When stealth fails and you’re forced to fight but unlike something like Tenchu or Thief you don’t feel at a disadvantage because once used to the game’s combat system you’ll be taking on dozens of goons without hesitating. You have three basic moves: attack, stun and counter with more advanced moves becoming available with upgrades or if your situation makes them viable. The early fights with just a few easy goons soon give way to huge gangs armed with clubs and knives who’ll easily overbear you if you give them the chance but with a little practice you’ll be throwing batarangs at the first wave of goons then tumbling over the next goon to throw then before countering the club goon behind you then stunting the knife goon then finishing of the last goon before tripping the first goon who was getting back up… From time to time the combat won’t flow if say you get stuck in a corner or if the camera decides to be an arse but compared to what passes for beat ’em up action these days it’s a simple to learn but hard to master mechanic that’s just a part of the whole package that’s full of class.

That’s not to say you’ll just be fighting non-descript goons as what Batman story wouldn’t be good without a memorable villains and Arkham Asylum has tons of them. There’s the obvious fan favourites like Joker, Poison Ivy and Scarecrow (who I won’t talk about because his appearances are often subtle and unexpected) but even lesser know but great adversaries like ZsasZ, Bane and my personal favourite Harley Quinn. They might not get as much screen time as Joker and his goons but they all make a great impression thanks to some great script writing by Paul Dini who was the driving creative force behind the 90’s animated adventures of Batman and the original voice cast who all reprise their roles with the exception of Commissioner Gordon who’s voice casting to a little too gruff not sage enough.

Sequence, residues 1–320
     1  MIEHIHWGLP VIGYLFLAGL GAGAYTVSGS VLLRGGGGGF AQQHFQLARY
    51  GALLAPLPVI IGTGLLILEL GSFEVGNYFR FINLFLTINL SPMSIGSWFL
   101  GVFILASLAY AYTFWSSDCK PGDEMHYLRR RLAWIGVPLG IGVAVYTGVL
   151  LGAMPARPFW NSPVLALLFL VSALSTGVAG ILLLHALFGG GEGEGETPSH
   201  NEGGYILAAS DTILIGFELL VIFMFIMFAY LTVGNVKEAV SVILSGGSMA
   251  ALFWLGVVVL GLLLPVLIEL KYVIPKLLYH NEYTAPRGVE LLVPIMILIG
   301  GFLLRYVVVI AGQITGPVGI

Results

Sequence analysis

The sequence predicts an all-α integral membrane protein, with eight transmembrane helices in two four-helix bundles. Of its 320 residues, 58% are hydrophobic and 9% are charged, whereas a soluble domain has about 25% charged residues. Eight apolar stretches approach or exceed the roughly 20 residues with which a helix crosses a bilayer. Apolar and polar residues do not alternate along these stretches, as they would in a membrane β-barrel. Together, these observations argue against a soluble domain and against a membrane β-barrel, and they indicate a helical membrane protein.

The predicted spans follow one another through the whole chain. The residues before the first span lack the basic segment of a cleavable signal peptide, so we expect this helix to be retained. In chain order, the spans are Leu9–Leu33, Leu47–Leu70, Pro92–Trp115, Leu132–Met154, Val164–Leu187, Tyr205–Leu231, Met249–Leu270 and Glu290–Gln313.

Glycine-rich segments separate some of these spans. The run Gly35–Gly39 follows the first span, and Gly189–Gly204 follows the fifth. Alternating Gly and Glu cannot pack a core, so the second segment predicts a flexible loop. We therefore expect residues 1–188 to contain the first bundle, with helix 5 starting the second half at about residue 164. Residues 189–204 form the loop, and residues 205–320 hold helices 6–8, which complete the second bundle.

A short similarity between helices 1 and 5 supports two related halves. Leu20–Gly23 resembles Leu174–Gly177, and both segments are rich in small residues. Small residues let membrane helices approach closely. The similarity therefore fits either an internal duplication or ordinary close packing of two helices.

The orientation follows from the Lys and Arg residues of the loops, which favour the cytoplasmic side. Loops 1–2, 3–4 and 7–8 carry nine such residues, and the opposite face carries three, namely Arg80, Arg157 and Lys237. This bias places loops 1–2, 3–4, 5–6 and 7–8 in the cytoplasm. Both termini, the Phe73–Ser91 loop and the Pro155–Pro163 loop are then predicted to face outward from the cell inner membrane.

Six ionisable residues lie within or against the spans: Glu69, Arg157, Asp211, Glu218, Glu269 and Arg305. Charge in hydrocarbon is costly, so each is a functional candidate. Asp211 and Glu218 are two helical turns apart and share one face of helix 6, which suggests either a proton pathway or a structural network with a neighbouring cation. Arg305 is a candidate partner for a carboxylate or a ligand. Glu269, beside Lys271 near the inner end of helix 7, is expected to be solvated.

Secondary Review

I have to admit I’m a big fan of the goddamn Batman and I was really looking forward to this game for a long time. Then the demo was released a few weeks back and really made me want this game. I did have some reservations thinking that it was just going to end up alternating between fighting and sneaking, with very little in-between. Thankfully the game isn’t quite as linear as it seemed from the demo.

For a start there are many times you have to figure out the way to get to the next area. Whilst it is always a linear path, but if you are going to find all of the Riddlers puzzles and trophies, then there’s a ton of exploration. One thing I did find was that you end up spending most of your time with the detective vision on, so you do miss out on some of the great graphics on display.

The meat of the game consists of either fighting, which whilst very simplistic is extremely slick. Once you get the hang of it you can rack up some really big combos, once you get the combo up you can pull off more powerful moves. The stealth sections of the game are also very well done. As the game progresses you get more tools to use and these change how you complete them, so they never really get stale.